TAMPA — Riding a wave of excitement from her prime-time speech at the Republican National Convention, Ann Romney on Wednesday reached out to two key constituency groups that have so far eluded her husband: women and Hispanics.
Romney was the main attraction at a women's breakfast that doubled as a campaign fundraiser. At a second lunchtime event, she talked about how much she admired Hispanic families and hoped that they wouldn't be duped into voting for President Barack Obama.
At the breakfast, all five of Romney's daughters-in-law — Jennifer, Andelyne, Laurie, Jen and Mary — shared stories about how she helped them become better wives and mothers. Mary said Romney taught her "not only to cook, but to shop for heels, to decorate a home, how to be brave in the face of trial and adversaries, and how to be a kinder and gentler wife and woman."
The breakfast crowd of about 500 also heard briefly from Janna Ryan, wife of Republican vice presidential candidate Paul Ryan.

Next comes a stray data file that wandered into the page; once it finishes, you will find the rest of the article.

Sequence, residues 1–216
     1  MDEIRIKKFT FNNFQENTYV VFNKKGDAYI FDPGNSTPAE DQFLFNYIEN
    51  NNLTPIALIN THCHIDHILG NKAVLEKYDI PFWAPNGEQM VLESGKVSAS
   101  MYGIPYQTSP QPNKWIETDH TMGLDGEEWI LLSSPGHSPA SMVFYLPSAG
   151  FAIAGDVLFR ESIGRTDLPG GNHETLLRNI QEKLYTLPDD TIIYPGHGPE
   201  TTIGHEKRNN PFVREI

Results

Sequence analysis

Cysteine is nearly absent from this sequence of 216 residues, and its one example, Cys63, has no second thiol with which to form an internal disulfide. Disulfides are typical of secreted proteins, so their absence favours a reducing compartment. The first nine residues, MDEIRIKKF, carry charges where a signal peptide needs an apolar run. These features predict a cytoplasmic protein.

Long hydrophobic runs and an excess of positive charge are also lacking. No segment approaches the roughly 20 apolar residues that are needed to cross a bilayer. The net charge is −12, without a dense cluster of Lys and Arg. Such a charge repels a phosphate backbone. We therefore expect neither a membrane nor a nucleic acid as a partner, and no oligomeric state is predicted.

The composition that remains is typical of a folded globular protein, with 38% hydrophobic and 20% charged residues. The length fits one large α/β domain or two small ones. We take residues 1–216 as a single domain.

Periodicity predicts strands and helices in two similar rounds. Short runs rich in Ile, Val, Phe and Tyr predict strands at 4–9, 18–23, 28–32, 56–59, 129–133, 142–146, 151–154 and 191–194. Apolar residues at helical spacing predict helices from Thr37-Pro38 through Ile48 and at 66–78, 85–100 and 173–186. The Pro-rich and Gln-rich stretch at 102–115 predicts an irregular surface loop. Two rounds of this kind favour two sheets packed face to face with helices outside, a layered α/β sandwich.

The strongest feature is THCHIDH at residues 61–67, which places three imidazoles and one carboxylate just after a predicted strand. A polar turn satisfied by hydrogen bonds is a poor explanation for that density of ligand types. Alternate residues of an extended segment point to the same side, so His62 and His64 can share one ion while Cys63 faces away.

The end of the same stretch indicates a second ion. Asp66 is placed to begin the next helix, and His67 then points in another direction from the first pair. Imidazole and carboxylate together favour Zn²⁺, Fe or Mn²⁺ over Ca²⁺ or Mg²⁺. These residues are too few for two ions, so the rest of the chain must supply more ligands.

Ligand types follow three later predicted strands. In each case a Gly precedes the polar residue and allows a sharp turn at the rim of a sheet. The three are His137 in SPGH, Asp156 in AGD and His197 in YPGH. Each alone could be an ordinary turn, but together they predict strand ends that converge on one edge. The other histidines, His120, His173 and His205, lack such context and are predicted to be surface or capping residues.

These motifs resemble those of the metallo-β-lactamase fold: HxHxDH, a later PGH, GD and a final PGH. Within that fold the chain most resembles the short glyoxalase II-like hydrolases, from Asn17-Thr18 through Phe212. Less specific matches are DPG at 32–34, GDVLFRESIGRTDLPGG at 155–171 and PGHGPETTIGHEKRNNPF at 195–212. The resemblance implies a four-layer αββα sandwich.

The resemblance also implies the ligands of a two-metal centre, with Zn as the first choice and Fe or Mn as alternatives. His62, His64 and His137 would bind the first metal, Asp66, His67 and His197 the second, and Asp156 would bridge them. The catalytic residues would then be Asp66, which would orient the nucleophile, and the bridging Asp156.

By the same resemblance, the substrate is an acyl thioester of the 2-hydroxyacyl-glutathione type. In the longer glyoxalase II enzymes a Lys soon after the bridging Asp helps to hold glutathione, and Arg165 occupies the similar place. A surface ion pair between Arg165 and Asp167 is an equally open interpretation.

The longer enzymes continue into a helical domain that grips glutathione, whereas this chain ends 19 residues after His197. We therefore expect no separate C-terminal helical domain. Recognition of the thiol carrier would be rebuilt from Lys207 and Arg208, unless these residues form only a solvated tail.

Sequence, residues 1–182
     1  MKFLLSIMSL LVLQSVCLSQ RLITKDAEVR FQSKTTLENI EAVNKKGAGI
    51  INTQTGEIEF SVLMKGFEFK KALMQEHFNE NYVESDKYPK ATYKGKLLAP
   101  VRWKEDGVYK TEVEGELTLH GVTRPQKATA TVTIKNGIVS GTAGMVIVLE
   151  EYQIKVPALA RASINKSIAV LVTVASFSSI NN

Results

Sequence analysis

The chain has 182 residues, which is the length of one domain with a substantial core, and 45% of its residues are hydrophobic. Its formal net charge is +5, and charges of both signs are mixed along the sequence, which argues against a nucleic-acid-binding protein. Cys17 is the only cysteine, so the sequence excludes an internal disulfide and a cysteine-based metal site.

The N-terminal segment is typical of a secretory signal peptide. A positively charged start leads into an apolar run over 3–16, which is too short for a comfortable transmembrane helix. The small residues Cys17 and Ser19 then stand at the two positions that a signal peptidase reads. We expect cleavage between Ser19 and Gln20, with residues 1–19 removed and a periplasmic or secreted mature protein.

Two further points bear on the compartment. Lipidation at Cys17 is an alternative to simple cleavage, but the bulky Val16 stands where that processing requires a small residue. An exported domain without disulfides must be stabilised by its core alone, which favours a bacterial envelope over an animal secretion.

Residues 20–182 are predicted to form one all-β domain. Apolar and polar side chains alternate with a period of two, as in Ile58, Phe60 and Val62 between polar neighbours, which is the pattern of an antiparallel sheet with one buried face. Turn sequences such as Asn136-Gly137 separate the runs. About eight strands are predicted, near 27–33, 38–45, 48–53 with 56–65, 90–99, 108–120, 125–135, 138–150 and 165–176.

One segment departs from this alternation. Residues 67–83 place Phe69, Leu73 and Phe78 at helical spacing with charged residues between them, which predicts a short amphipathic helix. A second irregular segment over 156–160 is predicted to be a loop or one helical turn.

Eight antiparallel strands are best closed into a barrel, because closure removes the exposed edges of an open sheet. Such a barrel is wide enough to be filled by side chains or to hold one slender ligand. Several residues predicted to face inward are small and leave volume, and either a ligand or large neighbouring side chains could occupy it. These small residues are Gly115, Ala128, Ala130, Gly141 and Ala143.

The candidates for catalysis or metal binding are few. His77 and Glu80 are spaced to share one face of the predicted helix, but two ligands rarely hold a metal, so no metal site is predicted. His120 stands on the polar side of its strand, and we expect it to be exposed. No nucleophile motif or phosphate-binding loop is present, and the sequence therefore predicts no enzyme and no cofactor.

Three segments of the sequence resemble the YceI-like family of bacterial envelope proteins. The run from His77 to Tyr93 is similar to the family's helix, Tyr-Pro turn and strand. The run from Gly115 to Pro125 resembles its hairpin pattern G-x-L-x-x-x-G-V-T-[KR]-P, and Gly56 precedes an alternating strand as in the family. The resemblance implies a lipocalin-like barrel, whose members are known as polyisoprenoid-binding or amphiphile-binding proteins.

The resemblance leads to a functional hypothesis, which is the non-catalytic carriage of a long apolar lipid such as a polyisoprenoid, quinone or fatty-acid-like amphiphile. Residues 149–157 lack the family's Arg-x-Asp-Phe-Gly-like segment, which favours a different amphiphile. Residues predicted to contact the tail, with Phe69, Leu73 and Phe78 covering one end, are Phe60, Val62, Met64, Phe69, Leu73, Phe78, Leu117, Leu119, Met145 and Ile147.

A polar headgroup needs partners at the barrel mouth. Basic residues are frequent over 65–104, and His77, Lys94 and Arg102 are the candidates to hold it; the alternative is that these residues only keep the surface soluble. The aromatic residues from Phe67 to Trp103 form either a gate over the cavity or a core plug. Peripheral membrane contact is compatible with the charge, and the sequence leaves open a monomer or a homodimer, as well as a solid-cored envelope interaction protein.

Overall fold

She thanked the Romneys for welcoming her to the campaign and characterized the election as about "our families, our children, our future."
But the focus was on Romney, who said the women in the crowd understand what is at stake in the election because they are the ones who budget the finances and run their households.
"We're also the ones who love our children and our grandchildren, we are the ones that are not going to leave a legacy of debt to them for our recklessness from what we're doing in this generation," she said. "And that is part of the reason why I said to Mitt, 'You've got to do this again.' "
At lunchtime, son Craig Romney joined his mother at an event hosted by the Latino Coalition. Craig started out speaking in Spanish before telling the crowd in English about how mischievous he and his brothers once were. Craig spoke to about 200 people, talking about how much he loves his parents, and how his father is a man of integrity.
"Whether you agree or disagree with my father's policies, know that this is a man that you can trust," he said.
During her speech, Ann Romney said Hispanics have to work harder to counteract the message that they are better served by the Democratic Party.
"They are mistaken if they think they're going to be better off with Barack Obama as their president," she said.
Tia Mitchell can be reached at email@example.com or (850) 224-7263.